(The Center Square) – The Missouri House Downsizing State Government Committee was created more than a decade ago to ensure the state is not competing with private industry, identify inefficiencies and plot strategies for streamlining bureaucracy.
But after years of restraining government growth, the committee has experienced significant mission creep of its own, expanding its purview into city and county administration, local law enforcement agency mergers and into time itself.
The 14-member panel heard five public hearings Wednesday on proposals ranging from a constitutional amendment banning roadblocks, prohibiting governments from regulating unlicensed motor vehicles on private property, clipping homeowners associations’ powers and allowing CPR training acquired through professional or occupational experience to suffice in foster care licensure.
The committee, chaired by Rep. Ben Baker, R-Neosho, and dominated by 10 Republican members, advanced all five public hearing measures to executive hearing committee votes – one step away from a chamber vote – while also sending five bills to the House floor in “do pass” nods.
Three of those five bills propose making daylight saving time (DST) permanent in Missouri and ending the shift back and forth from DST to standard time.
House Bill 822, sponsored by Rep. Michael O’Donnell, R-Oakville, HB 617 filed by Wes Rogers, D-Kansas City, and HB 848 filed by Rep Chris Sander, R-Lone Jack, would make what is now DSL the new standard time.
The bills are symbolic because while federal law allows states to exempt themselves from observing DSL – Arizona and Hawaii are the only two that do – Congress must approve any proposal to stay on DSL all year.
Similar bills were considered last year in Missouri, one of 40 states where such legislation was introduced. This year, at least 30 legislatures are pondering DSL-related bills, according to Congressional Quarterly/StateTrack.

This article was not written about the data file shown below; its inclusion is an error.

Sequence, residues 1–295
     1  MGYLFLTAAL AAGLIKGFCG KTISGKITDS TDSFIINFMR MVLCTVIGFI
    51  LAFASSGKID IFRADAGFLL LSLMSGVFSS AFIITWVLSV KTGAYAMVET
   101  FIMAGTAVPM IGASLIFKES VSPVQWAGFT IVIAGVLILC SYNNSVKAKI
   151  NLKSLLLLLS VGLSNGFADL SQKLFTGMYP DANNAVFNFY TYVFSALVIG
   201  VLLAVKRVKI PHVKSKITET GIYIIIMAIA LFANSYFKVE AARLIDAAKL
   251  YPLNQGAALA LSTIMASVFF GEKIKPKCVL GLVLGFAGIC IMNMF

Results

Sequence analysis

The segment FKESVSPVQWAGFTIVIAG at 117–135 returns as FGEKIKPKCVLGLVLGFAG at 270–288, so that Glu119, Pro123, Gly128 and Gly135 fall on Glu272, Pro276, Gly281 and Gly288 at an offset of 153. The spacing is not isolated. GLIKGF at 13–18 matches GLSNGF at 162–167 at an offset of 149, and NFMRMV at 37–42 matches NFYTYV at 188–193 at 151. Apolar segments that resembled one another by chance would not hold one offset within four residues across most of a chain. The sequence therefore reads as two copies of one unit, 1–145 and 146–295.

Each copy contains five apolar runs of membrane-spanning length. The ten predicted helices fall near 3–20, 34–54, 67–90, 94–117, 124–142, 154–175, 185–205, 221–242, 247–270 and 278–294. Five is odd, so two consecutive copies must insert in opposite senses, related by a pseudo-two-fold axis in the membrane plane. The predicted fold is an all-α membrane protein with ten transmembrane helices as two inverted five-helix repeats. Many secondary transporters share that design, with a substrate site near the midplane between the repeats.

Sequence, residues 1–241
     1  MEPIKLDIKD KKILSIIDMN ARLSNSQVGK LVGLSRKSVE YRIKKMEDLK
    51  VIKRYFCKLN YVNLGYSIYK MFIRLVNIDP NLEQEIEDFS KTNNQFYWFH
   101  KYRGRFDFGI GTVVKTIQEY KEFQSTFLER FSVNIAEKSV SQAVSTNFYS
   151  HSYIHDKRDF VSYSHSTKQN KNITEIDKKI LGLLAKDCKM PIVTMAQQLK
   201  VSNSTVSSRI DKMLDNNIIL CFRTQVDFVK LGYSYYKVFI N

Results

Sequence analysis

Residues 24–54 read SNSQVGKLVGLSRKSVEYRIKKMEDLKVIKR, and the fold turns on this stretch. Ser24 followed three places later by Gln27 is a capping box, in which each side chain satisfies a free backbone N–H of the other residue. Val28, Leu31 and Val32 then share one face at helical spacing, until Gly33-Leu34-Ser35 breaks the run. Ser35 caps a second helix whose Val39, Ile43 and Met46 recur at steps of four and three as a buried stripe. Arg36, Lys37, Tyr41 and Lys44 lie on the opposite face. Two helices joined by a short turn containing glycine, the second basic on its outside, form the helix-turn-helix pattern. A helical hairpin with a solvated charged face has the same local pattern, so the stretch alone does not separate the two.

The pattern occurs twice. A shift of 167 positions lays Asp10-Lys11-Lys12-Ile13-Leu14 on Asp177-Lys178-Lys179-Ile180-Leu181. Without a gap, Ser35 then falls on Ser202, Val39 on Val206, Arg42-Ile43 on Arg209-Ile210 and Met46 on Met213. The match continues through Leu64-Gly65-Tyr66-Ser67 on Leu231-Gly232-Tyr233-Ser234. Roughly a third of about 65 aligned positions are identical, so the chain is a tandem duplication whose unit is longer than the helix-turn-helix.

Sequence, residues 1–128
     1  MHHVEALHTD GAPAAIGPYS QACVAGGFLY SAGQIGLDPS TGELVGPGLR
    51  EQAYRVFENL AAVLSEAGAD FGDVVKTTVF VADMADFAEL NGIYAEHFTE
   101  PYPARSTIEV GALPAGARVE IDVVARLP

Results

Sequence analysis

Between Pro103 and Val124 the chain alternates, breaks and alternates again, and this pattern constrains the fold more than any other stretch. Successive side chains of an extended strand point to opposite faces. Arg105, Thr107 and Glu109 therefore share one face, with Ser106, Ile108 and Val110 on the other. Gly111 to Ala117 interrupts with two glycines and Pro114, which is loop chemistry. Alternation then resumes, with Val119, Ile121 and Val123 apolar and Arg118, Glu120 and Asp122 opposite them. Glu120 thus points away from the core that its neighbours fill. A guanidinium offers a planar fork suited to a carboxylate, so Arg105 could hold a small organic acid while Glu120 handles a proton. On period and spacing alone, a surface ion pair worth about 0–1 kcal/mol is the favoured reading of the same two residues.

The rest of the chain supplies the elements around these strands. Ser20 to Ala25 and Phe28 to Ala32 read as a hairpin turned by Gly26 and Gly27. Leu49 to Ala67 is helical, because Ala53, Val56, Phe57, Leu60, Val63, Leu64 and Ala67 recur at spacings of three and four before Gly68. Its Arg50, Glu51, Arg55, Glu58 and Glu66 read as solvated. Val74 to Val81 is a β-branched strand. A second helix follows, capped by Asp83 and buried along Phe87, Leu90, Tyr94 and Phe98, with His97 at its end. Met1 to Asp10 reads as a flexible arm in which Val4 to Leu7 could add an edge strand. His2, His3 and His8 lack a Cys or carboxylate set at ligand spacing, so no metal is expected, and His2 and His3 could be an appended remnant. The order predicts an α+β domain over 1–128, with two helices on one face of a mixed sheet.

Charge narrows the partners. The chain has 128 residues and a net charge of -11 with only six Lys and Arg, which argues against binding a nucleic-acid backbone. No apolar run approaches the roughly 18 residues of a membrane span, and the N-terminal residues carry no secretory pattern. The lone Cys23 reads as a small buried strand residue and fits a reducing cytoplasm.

None of the three 2021 proposals would go into effect until Missouri enters into a “pact” with other states, which is where there are differences in the bills.
O’Donnell’s HB 822 would require at least two of the eight states that border Missouri join the pact. Rogers’ HB 617 would require any 20 states across the country to join together and Sander’s HB 848 would go into effect when four or more of bordering states join the pact.
O’Donnell said making DSL permanent would help the economy and improve Missourians health by “creating” an extra hour of afternoon-evening daylight.
Rogers said his constituents want the twice-annual time change ended. Sanders said 13 states have legislation “in the queue” for switching to permanent DSL.
The proposals advanced after public hearings by the Downsizing State Government Committee are:
- House Joint Resolution 11, sponsored by Rep. Justin Hill, R-Lake St. Louis, which would ask voters to prohibit roadside checkpoints and roadblocks by law enforcement except in emergencies, such as capturing a fleeing felon, in a November 2022 ballot measure.
- HB 1177, sponsored by Rep. Michael Davis, R-Kansas City, would establish the ‘Government Lending Transparency Act’ which defines the terms “credit support program” and “lending program” and requires the State Auditor to report on all state lending programs and credit support programs at the end of each fiscal year.
- HB 511, sponsored by Rep. Tony Lovasco, R-O’Fallon, would prohibit state and local governments from “making or enforcing any statute, ordinance, or rule regarding the parking of an unlicensed motor vehicle on private property if the vehicle is wholly within the property boundaries, is parked on a surface suitable for a driveway or parking area, and is not supported by any device other than its own tires unless it is being repaired for a period not to exceed 72 hours.”
The bill, which is similar to a failed measure Lovasco filed last year, would also prohibit state and local governments from “making or enforcing any statute, ordinance, or rule, except for a statute, ordinance, or rule restricting air pollution or noise pollution, that would prohibit or penalize a non-corporate owner or renter of a private, single family residence from using the residence in a way that does not pose a clear and present danger to the health or safety of the neighbors, or would require a non-corporate owner or renter of a private residence to use the property in a way contrary to the wishes of owner or renter.”
- HB 1122, filed by Rep. Richard West, R-Wentzville, would create ‘The Subdivision Property Owners’ Protection Act’ that prohibits a homeowners association from entering into, amending, or enforcing a covenant, condition, or restriction in a way that imposes more onerous restrictions on the types of use of a homeowner member of the association’s real property.”
- HB 1203, sponsored by Rep. Travis Smith, R-Dora, and 154 of the chamber’s 163 members, allows certification for CPR training acquired as part of a professional or occupational training to substitute for any required CPR training a prospective foster care needs to meet before licensure.